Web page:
If you are looking to buy your first property, then a big challenge is likely to be putting together a decent deposit. According to the Office for National Statistics, the average UK property is worth £290,000 (January 2023). That means you’ll need more than £29,000 to put a 10% deposit on the typical home.
One way to make that process a little easier is to take advantage of bonuses that come from saving with a Lifetime ISA.
What is a Lifetime ISA?
The Lifetime ISA is a form of tax-free savings account designed to help people looking to do one of two things: save for their first home, or save for later life. On top of the interest paid by your account provider, you will also receive an annual bonus from the government of 25% each year, until you reach the age of 50.
How much can I save in a Lifetime ISA?
You can’t put more than £4,000 a year into a Lifetime ISA. As a result, the 25% government bonus amounts to a maximum of £1,000 each year.
Everyone in the UK has an overall annual ISA allowance. For the current tax year (2023/24), that allowance stands at £20,000.
The Lifetime ISA limit counts toward that overall ISA limit, so while you can save up to £4,000 a year in the Lifetime ISA, you can save a further £16,000 each year through a combination of other types of ISA, such as a cash ISA or stocks and shares ISA.
Who can open a Lifetime ISA?
You must be at least 18 to open a Lifetime ISA. The account must also be opened before you turn 40 years old, though the bonus is potentially payable until you reach age 50.
Where can I get a Lifetime ISA?
A host of different banks and building societies offer Lifetime ISAs.
Importantly, they come in a couple of different forms, too. Some are cash Lifetime ISAs that operate much like an ordinary savings account, where you are paid a set rate of interest by the provider. The government bonus is then paid on top.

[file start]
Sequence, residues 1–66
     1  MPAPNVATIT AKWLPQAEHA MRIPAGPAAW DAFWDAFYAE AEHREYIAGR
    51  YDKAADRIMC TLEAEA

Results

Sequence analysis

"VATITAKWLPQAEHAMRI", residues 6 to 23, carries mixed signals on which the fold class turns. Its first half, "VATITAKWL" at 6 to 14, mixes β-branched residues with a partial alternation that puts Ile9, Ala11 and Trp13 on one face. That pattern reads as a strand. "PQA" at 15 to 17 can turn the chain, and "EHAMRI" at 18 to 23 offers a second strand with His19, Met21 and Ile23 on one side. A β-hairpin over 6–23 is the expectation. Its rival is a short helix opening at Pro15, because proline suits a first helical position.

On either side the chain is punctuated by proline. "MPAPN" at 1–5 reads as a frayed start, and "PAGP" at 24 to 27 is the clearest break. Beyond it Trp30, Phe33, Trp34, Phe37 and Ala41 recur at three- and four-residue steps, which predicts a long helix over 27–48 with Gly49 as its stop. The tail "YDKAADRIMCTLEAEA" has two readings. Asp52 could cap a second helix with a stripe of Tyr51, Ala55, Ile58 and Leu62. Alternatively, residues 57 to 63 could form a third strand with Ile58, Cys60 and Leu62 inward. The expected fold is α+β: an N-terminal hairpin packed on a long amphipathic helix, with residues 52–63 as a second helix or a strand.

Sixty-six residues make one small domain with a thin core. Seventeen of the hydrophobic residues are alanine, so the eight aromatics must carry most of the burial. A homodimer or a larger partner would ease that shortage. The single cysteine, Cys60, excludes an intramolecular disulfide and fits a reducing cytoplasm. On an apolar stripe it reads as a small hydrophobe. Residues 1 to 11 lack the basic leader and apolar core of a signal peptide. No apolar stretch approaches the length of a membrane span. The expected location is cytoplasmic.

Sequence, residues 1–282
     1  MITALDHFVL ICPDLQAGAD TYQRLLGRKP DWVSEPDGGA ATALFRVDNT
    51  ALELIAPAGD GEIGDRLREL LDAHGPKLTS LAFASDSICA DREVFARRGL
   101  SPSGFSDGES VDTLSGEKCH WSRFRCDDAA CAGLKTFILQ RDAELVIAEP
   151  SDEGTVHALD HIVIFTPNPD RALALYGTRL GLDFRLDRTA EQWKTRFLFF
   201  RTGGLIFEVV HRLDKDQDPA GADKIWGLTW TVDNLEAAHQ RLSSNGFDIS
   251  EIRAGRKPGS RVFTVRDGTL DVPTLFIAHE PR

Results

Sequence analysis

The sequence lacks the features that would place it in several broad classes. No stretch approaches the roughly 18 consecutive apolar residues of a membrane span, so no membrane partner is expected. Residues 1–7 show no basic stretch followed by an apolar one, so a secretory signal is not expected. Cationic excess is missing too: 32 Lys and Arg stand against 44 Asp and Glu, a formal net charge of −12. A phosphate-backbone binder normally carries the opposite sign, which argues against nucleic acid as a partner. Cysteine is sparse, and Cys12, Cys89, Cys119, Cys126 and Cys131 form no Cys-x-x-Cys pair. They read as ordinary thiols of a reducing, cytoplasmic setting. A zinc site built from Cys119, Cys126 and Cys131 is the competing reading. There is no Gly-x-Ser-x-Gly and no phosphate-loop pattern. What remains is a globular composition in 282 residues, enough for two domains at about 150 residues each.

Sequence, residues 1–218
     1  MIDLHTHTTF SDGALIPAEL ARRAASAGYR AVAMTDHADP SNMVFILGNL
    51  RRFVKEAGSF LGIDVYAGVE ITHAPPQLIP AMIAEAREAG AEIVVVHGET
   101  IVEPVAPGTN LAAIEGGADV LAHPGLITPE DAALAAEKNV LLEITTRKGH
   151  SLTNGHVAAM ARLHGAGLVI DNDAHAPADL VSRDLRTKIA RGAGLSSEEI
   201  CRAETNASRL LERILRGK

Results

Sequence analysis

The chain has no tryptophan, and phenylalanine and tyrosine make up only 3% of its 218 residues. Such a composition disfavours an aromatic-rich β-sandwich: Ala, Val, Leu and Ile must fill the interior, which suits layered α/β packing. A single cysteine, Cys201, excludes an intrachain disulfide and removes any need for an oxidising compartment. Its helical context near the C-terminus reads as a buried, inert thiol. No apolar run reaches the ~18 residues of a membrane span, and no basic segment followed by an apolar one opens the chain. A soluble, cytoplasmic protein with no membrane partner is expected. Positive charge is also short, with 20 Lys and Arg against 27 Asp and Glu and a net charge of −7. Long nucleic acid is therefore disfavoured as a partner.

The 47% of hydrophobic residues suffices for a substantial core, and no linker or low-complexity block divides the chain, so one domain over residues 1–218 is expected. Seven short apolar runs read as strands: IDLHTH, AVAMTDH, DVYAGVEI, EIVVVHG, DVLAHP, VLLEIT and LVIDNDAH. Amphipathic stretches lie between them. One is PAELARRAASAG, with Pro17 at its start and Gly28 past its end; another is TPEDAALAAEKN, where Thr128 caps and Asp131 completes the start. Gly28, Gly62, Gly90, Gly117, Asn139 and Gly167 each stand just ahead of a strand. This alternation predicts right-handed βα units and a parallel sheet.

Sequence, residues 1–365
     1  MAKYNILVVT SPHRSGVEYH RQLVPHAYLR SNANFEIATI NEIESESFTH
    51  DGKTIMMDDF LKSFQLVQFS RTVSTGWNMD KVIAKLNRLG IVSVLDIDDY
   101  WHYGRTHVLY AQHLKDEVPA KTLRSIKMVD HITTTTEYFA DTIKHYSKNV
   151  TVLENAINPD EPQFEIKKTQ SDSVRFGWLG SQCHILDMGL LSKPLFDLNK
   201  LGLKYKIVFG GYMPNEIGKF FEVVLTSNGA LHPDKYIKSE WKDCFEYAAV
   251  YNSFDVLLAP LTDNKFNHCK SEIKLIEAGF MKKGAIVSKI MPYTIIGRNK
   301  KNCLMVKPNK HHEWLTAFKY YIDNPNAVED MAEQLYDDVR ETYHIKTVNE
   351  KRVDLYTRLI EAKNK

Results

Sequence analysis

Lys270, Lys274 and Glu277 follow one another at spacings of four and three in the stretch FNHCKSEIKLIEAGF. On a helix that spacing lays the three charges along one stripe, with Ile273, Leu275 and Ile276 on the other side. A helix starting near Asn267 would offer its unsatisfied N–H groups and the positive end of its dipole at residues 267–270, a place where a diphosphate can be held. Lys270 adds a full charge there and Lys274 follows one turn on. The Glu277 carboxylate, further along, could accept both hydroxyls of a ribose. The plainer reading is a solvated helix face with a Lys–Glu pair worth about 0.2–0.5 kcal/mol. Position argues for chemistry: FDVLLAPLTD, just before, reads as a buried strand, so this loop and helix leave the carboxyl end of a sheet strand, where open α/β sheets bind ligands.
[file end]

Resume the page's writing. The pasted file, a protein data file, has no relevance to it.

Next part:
With others, the money you put into the account is instead invested in the stock market. These are obviously riskier as there is the potential that your investments fall in value, and you end up with less than you put in.
As a result, it’s important to carefully consider precisely where your money will be invested and how quickly you will need to access your money before opening a stocks and shares Lifetime ISA. This option may therefore be more relevant to people who are using their Lifetime ISA to save for retirement because they have a much longer investment horizon and the potential to ride out short-term losses.
How can I open a Lifetime ISA?
You will need to open the Lifetime ISA directly with the account provider.
Along with personal information like your name, address and date of birth, you will also need to supply your national insurance number.
Withdrawing money from a Lifetime ISA
The Lifetime ISA is designed to help people buying their first home or who want to save for their retirement outside of a pension.
As a result, there will be no charges for withdrawing cash or assets from your Lifetime ISA to help you buy a property or if you are 60 or older. There will also be no charge if you make a withdrawal and are terminally ill, with less than 12 months to live.
However, in all other situations there will be a withdrawal charge of 25% of the amount you withdraw.
What sort of property can I buy using a Lifetime ISA?
There are rules covering the type of property you can buy using the money saved in your Lifetime ISA. It needs to be a property you intend to live in, rather than a buy-to-let property, and it must be in the UK.
In general the property needs to be your first home, bought with a mortgage and cost less than £450,000.
Can I have two Lifetime ISAs?
You can only open and contribute to a single Lifetime ISA in each tax year. However, as with other forms of ISA, you can have more than one Lifetime ISA in your name.
For example, you could have opened a Lifetime ISA and paid into it in the 2022/23 tax year. You can then open a new Lifetime ISA with a different provider in the 2023/24 tax year. However, you can only pay into one of them.
You can also buy a property with somebody else who is using one.
For example if you are buying with your partner, you can both open Lifetime ISAs separately and enjoy twice the government bonuses on your savings, helping you build a sizeable deposit between you more quickly.
» MORE: Should you invest in a pension or a property?
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